William Jackson Hooker (1785–1865) in 1834
Plate 12 from Makers of British Botany (1913)

The collection of [medicinals] here has had no addition made to it these 23 years. The Paris collection ditto. That at Munich ditto. That in the British museum better. 3 professors to be present on shewing it is according to the will of the donor, Dr Hunter. Even as it is a few [medicinals] have been stolen. He shewed 2 4to volumes just received (only another copy) of the mosses (300?) collected by Captain Frankland in his last tour. The exterior of the jail containing the law courts very handsome. The interior arrangement very bad, “don’t go to see it.” The Breadalbane mountains near Killin some of the finest scenery in Scotland. But the finest mountains and scenery Dr H- had seen out of Switzerland are in the Isle of Skye. A Scotch (Edinburgh) advocate drinking tea there. The advocates’ library Edinburgh to small for them. Have sold it to the writers for £12,000. Going to build a new one. Dr H- walked home with me. Got home at 10. Dr H- gentlemanly & very agreeable. Mrs H- has always bad health. Ought to be like a gentlewomen? not exactly haut ton [4], but very civil & attentive, ditto ditto her sister, delighted with the hope of going to Italy next spring. On coming away, gave me an enormous & beautiful nosegay. Till 12 20/60 wrote the journal of today & settled accounts. Miss MacLean put on my finger the little guard ring [5].

[1] You may notice when reading Anne Lister’s diaries that she refers to books, as well as by the number of volumes, as ‘4to,’ ‘8to,’ ‘12mo,’ etc. This confused me and I had to look it up. These terms refer to how the book was produced from single sheets of paper, and give a guide to the size of the book. For example, ‘folio’ (abbreviated as ‘fo’) refers to a book made from sheets of paper only folded once; these are generally the biggest books. ‘Quarto’ (abbreviated as ‘4to’) refers to a book made a sheets of paper folded twice, resulting in four leaves. And so on, all the way up to ‘sexagesimo-quarto, (‘64mo’), made of sheets folded 32 times, resulting in a very tiny book.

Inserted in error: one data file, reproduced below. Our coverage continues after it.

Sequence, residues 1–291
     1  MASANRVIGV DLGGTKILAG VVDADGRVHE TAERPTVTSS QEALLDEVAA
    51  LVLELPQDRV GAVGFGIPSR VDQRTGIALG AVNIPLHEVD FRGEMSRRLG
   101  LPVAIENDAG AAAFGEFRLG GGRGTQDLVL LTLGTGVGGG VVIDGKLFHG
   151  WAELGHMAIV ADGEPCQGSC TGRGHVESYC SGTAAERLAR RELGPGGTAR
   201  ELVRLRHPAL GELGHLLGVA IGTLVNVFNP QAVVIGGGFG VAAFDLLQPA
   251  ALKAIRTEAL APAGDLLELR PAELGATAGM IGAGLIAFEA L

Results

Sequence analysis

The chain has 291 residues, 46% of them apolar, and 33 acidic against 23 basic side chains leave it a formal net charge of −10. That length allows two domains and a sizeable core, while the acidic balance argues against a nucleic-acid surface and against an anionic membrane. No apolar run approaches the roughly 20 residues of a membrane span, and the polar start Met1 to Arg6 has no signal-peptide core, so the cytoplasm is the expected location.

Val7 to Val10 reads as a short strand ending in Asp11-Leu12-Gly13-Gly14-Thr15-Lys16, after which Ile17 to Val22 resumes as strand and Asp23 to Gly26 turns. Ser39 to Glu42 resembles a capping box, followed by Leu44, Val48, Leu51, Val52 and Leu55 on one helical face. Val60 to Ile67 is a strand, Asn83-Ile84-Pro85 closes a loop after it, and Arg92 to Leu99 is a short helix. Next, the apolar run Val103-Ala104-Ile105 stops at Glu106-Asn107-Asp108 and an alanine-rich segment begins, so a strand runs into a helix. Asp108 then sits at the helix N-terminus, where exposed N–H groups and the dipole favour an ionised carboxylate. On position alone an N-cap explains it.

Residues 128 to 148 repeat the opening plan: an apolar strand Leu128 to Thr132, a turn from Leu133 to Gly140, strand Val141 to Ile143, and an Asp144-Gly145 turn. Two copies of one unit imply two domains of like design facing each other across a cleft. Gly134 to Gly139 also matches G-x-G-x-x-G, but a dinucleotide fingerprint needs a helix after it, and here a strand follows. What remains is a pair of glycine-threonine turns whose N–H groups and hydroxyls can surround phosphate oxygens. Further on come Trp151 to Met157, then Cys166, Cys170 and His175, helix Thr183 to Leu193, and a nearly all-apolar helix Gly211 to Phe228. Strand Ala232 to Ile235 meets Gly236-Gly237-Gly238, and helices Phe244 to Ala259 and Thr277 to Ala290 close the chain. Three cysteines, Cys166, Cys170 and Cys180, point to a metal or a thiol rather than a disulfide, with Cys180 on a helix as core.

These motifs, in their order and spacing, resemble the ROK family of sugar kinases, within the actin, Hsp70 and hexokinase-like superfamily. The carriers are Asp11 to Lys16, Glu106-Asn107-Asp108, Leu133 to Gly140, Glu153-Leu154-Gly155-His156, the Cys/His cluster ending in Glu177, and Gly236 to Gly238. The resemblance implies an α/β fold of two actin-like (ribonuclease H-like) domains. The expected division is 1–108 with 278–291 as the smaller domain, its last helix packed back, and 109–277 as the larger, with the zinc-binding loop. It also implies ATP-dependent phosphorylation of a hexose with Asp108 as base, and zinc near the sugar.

[2] A Roman historian.

[3] Anne refers here to ‘Mrs Hooker,’ but elsewhere in this entry refers to Dr and Mrs Hooper. I think she must mean ‘Hooker’ as it was a Dr Hooker who was regius professor of botany at Glasgow University, and contributed to the development of the Botanic Gardens in Glasgow (which were founded in 1817, and intended to supply Glasgow University). I’ve seen Hooker referred to as one of the most eminent botanists in the world at his time; Anne certainly had some good contacts!

[4] This now obsolete expression means ‘high tone’ (literal translation from French) or ‘high fashion.’ The ‘ton’ in Anne Lister’s time was a well known term for the fashionable elite of society.

[5] I have done a bit of Googling about ‘guard ring,’ but have yet to find what I consider to be an authoritative source for definition and origin of this term. It seems this may refer to a ring worn to prevent other rings (for example valuable wedding and engagement rings) slipping off the finger, that guard rings were often of sentimental value, and possibly people wore them as alternatives to engagement and wedding rings. I’d love to know more about this; please comment below if you know about this.

You can read the original diary entry here:https://www.catalogue.wyjs.org.uk/CalmView/GetImage.ashx?db=Catalog&type=default&fname=18%5cbcb88e-c990-4027-a85e-f2b51cb2ec63.jpg

6 thoughts on “Wednesday 11 June 1828

  1. Hi,
    Yes, I’m convinced it is Joseph Hooker she meets.
    Re guard ring – information I found online suggests the guard or keeper rings is said to have been invented for the wedding of George III and Queen Charlotte. The ring set with diamonds was worn next to her wedding band. https://www.royalcollection.org.uk/collection/65429/queen-charlottes-keeper-ring
    I did a bit of research in Glasgow trade directories to see if I could work out which jewellers shop they might have visited but there are too many possibilities. Might have been somewhere in Argyll St, might have been in the new arcade across the street from their lodgings.

Leave a Reply

Your email address will not be published. Required fields are marked *

Back To Top